What’s The Best Way To Promote My Self-Published Book?

Five Ways To Promote Your Self Published Book

Here are five tips on how to promote your self-published book.

The title of this post should be credited because I have been asked how to market a self-published book or how to promote a book, so many times.

I won’t, however, because it would end up being a very long list of credits.

So I apologize to all those who have asked me these two questions. But I doubt you will be upset that I haven’t mentioned you by name.

What is book promotion?

Always remember that any publicity is good publicity.

There are hundreds of free and paid ways to promote a book or ebook.

But in answering the question, I will focus on the basics, and proven ways to spread the word and attract potential book buyers’ attention to help you gain book sales.

To put things into context first, here is one clear way of thinking about how to promote a self-published book.

Book promotion is designed to get people to find your book, and NOT, to find people to get your book.

With that said, let’s look at ways of promoting your book and getting people to find you as an author, and your books, of course.

 

Your blog or website

1. Your book or author website or blog should be a .com address

Gaining organic traffic from Google or Bing search for your book blog is, by far, the most powerful way to promote your book.

Readers who find your website or blog by Google or Bing search are much more likely to be interested in your book topic, genre or themes because these factors are what they are searching for and how they find you.

However, you really need to have a website or blog with a .com address to gain a reasonable amount of search traffic.

I am not precisely sure why a .com address works better than .net or country codes such as .co.uk, .fr or .ca for example.

While I’m not an SEO expert, I have the feeling that country code domains may be geo-targeted by search engines, so it restricts indexing.

All I do know for sure is that after having changed three of my sites to a .com domain, the resulting increase in traffic for each site has been remarkable.

I can only presume from experience that Google and Bing give preference to .com addresses.

After changing my Just Publishing Advice address to .com, my daily traffic is now more than ten times what it was before I changed, and it continues to grow organically every day.

On the same thought, free blog and websites such as Google’s Blogger, WordPress (free), Weebly and Wix gain very little organic traffic, so they are far less beneficial for book promotion.

But, they are free, and if you can’t afford a hosted website, they are definitely better than nothing to attract potential readers.

If you have a website or blog, always remember to put a link to it on all your social media accounts, and add it to your email signature. You can also use your blog to help build your mailing list.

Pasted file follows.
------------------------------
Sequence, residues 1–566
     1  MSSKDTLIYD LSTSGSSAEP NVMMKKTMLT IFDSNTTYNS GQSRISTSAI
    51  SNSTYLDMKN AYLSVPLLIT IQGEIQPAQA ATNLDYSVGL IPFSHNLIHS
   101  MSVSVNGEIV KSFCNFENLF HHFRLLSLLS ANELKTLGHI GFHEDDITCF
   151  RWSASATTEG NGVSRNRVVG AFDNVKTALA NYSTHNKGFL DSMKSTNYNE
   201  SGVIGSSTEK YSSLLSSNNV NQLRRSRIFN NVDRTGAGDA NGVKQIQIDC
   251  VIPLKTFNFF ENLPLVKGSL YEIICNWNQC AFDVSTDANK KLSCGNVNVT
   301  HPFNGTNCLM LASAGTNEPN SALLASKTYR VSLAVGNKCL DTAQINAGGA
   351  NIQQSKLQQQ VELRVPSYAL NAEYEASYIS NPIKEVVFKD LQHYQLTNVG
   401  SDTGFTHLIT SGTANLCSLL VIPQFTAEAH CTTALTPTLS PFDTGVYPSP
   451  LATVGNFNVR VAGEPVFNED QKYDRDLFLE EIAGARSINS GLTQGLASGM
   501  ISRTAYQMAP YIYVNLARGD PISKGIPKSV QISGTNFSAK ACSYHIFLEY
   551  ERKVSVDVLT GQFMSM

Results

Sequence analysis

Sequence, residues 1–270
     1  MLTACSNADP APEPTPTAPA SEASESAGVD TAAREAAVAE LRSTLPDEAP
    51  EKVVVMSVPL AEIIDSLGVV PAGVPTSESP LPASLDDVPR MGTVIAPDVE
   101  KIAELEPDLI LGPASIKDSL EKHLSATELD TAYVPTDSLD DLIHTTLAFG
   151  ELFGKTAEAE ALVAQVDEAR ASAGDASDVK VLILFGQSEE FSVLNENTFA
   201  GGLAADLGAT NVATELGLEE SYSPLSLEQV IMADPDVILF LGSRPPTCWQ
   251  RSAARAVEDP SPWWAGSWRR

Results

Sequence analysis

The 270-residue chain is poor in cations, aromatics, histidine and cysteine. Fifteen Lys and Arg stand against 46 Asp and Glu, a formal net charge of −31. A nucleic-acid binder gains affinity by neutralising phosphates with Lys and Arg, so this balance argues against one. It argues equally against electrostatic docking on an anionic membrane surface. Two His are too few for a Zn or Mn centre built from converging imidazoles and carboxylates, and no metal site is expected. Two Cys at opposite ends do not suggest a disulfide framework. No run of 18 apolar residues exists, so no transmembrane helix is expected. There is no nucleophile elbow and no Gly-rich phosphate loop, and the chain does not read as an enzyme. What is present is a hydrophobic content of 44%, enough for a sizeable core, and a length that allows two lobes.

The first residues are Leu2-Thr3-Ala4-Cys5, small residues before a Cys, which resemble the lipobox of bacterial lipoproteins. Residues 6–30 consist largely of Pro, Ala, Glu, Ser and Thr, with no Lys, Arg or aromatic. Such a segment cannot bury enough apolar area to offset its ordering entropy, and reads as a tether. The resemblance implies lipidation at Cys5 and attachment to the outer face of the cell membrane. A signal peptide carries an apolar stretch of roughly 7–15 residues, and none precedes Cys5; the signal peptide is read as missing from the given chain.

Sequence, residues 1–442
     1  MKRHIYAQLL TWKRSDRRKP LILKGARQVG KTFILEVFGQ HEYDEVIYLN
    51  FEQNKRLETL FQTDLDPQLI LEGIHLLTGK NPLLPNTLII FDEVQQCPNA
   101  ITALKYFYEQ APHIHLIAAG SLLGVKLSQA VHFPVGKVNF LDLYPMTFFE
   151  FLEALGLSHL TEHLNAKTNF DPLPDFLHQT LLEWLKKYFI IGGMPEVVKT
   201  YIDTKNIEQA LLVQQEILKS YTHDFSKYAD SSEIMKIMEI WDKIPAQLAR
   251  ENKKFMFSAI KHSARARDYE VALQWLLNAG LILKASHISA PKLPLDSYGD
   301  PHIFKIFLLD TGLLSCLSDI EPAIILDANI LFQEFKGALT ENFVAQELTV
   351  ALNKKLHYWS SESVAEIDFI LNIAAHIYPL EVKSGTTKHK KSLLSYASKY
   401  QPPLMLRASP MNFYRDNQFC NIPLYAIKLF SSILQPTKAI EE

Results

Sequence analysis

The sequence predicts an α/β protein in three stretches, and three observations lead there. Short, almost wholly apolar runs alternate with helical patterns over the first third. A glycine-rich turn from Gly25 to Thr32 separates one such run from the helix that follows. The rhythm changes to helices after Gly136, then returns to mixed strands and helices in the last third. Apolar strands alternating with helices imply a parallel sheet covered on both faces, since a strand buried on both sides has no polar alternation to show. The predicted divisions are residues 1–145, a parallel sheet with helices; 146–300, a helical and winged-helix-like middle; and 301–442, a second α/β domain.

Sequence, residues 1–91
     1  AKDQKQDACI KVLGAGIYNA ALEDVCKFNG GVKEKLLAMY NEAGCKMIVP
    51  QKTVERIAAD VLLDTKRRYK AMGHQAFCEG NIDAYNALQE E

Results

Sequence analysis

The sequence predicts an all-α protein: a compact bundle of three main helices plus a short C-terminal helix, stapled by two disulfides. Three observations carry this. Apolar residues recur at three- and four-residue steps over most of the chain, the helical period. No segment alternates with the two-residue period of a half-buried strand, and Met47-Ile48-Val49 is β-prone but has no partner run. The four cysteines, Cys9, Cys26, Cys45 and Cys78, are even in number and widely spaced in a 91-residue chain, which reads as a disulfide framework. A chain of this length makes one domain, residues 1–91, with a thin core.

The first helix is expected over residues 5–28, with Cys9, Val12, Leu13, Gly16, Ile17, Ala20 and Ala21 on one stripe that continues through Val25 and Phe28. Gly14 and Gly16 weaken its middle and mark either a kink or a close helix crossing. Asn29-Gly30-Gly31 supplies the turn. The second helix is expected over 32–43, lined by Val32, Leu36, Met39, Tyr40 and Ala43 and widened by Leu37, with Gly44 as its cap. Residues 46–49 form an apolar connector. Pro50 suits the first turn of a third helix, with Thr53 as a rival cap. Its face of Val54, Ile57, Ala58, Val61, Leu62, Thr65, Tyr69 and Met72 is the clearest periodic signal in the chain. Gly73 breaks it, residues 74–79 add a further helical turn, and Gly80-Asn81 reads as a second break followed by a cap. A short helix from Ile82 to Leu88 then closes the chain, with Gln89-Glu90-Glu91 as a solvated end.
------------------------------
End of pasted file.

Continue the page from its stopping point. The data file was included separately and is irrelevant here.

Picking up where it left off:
Even if you don’t have a blog, you can still attract attention by guest posting on other blogs as part of your book marketing strategy.

 

Related Reading: 17 Book Promotion Ideas You Can Do In Ninety Minutes

 

social media

2. Social media, yeah, yeah

Social media is a must to promote your book or short stories, but it can be extremely time-consuming.

If you aim to write and sell books, then use your social media platform judiciously because it can easily become a huge time waster.

Limit your social media exposure to only a couple of popular platforms such as Facebook, Twitter, or Pinterest, for example.

Don’t spend hours each day posting your book buy link, as this will only serve to drive people away.

Use social media to connect, communicate, reply and inform, and of course, hopefully, attract followers. Use it to spread your author name, not to continually advertise your books.

Think of social media as a spider web, and continue to make it a little larger every day by following some people, making new friends and extending your reach.

Concentrate on building your presence on only one or two social media sites, and not on every single one available.

Very importantly, however, make sure you use lots of image links to attract a better click-through rate for your book promotion on social media.

People are now well trained by Facebook and Twitter to click on images rather than text links, and especially so for phone and tablet users.

So, always use images to promote your book and blog posts to encourage people to read your book.

If you are spending more than an hour per day on social media trying to promote your books, stop! Limit your time and get back to writing a new book.